Newsletter 199 September 2011

Dear Friends,

On a glorious spring day many friends and visitors had a superb day in the park with our guest Chris Tzaros, his wife Julie and delightful little son, Merlin, a budding birdo at almost three.

The morning walk on Greenhill Road failed to turn up the hoped for Regents and in fact was quiet compared to other mornings. After morning tea when we introduced Merlin to “sticky bun” we moved to Honeyeater Picnic area where we met the afternoon visitors and prepared for a lazy lunch.

However birds seemed to take a back seat as everyone, Chris included, marvelled at the stunning avenues of Varnish Wattle and drifts of Small-leaf Parrot Pea as we walked from Cyanide Dam along part of the White Box Walk track.

The cameras worked overtime on the flora some of which, notably the huge stands of purple Austral Indigo, was rather hard to photograph well.

People found all manner of interesting plants and fungi. Donkey Orchids,

Waxlips

and tiny Dusky Caladenias, were in full flower. Some pure white Hardenbergia twining around the black trunk of an Ironbark was the target of a few cameras.

This year’s bounty of flowering will replenish the seed bank of peas and wattles. The delicately flowered Broom Bitter-pea was a mass of flower although not quite as showy as the parrot-pea. This spike-leafed pea is locally common but regionally rare. The large yellow Wedge-peas and Showy Parrot-peas are just beginning to flower and will provide continued colour for a few months along with the Heathy Bush-pea, still in bud, and myriads of Chocolate Lilies also still in bud. There will be a wonderful scent of chocolate when they flower as the weather warms up.

 

Later in the afternoon as we strolled down Cyanide Road Gary found a Bronze Cuckoo and as we watched there appeared a Speckled Warbler and a young streaky Yellow Robin then, to cap it off a close view of a beautiful male Rose Robin. Back at Honeyeater picnic spot a well earned afternoon tea was enjoyed after the two kilometre stroll which took a good two and a half hours! Yes, indeed, it was so interesting.

 

Not everyone came walking. David, an energetic member with a dislike of thistles took his shovel and waged war on them. Thanks David. Thirty-five members and guests gathered for dinner and a chat about the day’s happenings after which Chris Tzaros gave his presentation. Chris talked about the plight of woodland birds, the continued habitat loss, efforts to make amends and the decline of certain species. The seasonal variations in the distribution of birds such as the Swift Parrot and Regent Honeyeater were illustrated with maps derived from many years of extensive data collection. These high nectar seeking birds concentrate each year where the flowering is abundant. All records of woodland birds are very important and Chris urged us to report all sightings of threatened birds along with a list of other species associating with them. Neville thanked Chris for this informative and beautifully presented overview of the state of woodland birds.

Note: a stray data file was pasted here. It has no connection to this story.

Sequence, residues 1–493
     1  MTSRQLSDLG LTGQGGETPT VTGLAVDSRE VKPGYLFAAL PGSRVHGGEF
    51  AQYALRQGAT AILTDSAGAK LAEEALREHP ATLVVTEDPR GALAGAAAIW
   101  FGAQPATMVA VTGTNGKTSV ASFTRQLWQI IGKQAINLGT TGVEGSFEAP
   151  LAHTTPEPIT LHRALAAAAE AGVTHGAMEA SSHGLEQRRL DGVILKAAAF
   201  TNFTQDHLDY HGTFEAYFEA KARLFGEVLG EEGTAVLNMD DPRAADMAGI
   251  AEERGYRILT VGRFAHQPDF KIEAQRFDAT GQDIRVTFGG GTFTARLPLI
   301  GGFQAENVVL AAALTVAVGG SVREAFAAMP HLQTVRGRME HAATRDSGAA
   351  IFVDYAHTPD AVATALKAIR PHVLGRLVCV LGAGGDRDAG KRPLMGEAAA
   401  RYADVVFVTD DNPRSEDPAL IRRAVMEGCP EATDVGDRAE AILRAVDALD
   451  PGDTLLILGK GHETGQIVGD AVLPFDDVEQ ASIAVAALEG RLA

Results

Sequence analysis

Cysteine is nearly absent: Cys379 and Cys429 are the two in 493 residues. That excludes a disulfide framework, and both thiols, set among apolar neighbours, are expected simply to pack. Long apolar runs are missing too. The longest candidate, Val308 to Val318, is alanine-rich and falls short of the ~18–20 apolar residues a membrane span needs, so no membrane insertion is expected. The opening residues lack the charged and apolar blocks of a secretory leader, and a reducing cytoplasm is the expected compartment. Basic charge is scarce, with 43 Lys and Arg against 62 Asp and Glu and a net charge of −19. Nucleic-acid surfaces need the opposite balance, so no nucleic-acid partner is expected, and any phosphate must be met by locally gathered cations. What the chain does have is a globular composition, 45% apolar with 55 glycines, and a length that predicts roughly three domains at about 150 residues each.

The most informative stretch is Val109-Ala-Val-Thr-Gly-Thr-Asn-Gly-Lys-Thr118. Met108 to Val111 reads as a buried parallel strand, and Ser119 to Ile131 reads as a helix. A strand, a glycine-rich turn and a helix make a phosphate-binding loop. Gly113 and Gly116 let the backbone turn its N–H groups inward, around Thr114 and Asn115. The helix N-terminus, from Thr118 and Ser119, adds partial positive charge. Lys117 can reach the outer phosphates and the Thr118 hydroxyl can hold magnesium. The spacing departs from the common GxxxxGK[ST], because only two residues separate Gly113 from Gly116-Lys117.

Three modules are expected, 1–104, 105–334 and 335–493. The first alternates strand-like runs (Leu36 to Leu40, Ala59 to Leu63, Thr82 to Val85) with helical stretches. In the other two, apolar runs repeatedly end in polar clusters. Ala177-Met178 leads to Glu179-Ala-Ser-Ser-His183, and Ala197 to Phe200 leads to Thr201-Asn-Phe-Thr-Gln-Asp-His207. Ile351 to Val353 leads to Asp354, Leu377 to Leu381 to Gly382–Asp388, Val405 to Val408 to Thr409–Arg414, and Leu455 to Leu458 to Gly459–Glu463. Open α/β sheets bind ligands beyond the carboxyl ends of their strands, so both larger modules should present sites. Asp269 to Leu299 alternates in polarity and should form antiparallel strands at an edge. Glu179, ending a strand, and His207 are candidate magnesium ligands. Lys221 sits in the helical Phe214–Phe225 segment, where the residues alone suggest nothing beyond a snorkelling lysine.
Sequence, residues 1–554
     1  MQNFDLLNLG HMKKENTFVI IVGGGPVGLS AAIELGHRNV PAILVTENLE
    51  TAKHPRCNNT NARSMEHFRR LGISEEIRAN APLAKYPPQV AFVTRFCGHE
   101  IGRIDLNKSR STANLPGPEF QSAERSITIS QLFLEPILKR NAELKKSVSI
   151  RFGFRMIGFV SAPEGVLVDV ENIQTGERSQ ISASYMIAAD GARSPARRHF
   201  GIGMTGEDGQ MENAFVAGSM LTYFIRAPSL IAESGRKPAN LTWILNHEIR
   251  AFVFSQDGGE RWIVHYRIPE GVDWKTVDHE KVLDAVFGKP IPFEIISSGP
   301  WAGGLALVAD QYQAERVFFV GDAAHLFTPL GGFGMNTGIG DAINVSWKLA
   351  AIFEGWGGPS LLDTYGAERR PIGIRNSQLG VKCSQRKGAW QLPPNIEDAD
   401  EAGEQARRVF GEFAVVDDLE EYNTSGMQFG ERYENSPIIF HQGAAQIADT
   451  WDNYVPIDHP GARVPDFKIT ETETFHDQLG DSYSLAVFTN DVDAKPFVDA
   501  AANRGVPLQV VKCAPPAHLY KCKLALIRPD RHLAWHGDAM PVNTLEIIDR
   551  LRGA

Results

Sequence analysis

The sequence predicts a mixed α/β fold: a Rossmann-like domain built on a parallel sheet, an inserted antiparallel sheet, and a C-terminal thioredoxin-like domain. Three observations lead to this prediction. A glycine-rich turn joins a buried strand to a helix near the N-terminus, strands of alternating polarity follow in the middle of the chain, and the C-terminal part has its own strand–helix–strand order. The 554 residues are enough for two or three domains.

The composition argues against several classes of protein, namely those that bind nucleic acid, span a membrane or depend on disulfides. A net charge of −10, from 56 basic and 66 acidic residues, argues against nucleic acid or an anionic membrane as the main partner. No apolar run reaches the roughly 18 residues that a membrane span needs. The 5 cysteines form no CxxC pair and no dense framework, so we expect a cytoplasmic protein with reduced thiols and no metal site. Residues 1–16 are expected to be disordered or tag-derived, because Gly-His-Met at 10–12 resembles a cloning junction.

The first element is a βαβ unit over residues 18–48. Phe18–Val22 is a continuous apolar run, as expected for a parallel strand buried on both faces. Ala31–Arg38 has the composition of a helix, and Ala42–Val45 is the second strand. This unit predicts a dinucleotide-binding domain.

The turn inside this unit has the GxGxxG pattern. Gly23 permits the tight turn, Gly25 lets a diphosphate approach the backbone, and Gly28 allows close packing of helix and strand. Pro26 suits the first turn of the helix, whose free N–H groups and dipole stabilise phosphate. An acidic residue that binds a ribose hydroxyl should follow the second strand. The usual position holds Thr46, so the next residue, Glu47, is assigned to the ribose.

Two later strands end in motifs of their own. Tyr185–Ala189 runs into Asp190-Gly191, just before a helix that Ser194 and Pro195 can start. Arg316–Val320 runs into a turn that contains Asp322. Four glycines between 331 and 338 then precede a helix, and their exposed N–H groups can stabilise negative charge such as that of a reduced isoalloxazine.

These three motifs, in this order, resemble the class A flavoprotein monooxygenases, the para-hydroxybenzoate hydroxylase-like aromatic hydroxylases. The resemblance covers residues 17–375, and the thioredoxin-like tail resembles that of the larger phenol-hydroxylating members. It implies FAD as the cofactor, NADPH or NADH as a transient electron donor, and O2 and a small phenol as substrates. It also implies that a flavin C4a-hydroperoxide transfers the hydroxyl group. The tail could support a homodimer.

Thank you to all members who contributed to the delicious evening meal. A curious event: While walking in west Albury Phillip noticed a Red Wattlebird attacking another one on the ground. As he approached he realised that the bird being attacked was dead! Another Wattlebird seemed to be overseeing the ‘fight’. The pair flew off as he approached and on inspection he noted that the dead bird had been dead for some time. Wattlebirds are very aggressive but this was very strange behaviour indeed.

 

Around the park

Tuan Camp site enclosure has been sprayed for Capeweed ensuring that the majority of it will not flower. The recently discovered pea, Templetonia stenophylla is now in flower

and recently we came across another small population in the Donchi Hill block. Due to its sparse foliage and low growing habit it is almost impossible to find when not in flower. If anyone comes across more plants I would like to know. as it is uncommon throughout the state.

 

There are still a couple of Regent Honeyeaters around the Greenhill Dam area and perhaps the best chance of seeing them is when they come to the water. A lot of patience and repellant is required!

 

As the month progresses the selection of orchids will increase. There are some spectacular clusters of diuris to be found. Amongst the Diuris pardina and Diuris chryseopsis patches if you look carefully you can find a lovely hybrid form of the two. These three plants were on Donchi Hill

Recent interesting sightings: Painted Honeyeaters along Donchi Hill Rd near junction with Bull Ant Track western end. Square-tailed Kite over Peake’s Track area. Swift Parrots in White Box and hybrid on Ballarat Road close to the junction with Cyanide Road.

Rutherglen Conservation Reserve

The recent nest box check produced Sugar and Squirrel Gliders and Tuan nursery nests. There were many young olives emerging and we need to plan an attack on them while they are still easy to deal with. The bird list for the morning totalled 24 species, the highlight being a small flock of White-backed Swallows flying quite low but very fast. Golden and Rufous Whistlers, Rufous Songlarks and Sitellas were among other interesting species.


Rainfall

August: 79.0 mm over 11 days. Yearly total to date: 682.2 mm over 70 days


NEXT MEETING : SUNDAY OCTOBER 2nd

Meet at Chiltern Post Office at 9.00am BYO lunch, binocs, chair. Morning activity will be nest box checking and in the afternoon an orchid walk with John Hawker. Contact in the field: Eileen 0407486480 or 0357261484 Coming events for Biodiversity Month see website. friendsofchiltern.org.au There are many events taking place in our area so be sure not to miss them.